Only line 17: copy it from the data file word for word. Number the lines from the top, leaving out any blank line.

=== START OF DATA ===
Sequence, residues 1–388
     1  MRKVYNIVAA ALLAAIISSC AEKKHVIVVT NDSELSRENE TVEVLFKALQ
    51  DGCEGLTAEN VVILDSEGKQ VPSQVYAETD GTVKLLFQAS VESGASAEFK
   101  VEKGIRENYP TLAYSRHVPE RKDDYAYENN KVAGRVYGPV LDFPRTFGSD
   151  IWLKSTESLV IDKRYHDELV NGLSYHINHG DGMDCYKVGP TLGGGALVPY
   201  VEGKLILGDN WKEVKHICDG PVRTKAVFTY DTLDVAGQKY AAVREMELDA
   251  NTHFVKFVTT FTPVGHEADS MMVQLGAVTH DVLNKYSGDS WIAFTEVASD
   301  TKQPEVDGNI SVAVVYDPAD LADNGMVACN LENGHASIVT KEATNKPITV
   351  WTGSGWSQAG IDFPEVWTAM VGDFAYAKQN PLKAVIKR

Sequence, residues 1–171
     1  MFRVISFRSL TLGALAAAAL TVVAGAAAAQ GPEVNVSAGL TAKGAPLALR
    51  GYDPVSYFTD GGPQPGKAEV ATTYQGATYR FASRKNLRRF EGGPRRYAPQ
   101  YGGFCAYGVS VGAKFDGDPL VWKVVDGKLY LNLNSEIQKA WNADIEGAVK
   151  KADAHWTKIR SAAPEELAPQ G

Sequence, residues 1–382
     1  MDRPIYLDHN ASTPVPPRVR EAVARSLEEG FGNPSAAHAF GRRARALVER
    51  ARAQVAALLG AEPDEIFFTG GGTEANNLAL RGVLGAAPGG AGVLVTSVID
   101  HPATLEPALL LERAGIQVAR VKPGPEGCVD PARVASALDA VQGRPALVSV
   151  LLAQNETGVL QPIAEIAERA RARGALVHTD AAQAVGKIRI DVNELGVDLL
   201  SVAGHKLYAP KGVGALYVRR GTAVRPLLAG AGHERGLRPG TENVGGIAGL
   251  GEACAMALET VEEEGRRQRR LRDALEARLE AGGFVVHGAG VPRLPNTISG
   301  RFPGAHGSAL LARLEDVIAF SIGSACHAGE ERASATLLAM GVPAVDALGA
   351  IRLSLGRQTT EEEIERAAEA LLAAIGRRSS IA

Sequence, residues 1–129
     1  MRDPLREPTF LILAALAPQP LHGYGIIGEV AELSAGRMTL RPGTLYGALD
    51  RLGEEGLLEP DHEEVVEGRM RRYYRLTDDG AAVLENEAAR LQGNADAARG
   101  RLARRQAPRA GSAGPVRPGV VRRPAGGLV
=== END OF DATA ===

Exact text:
    51  ARAQVAALLG AEPDEIFFTG GGTEANNLAL RGVLGAAPGG AGVLVTSVID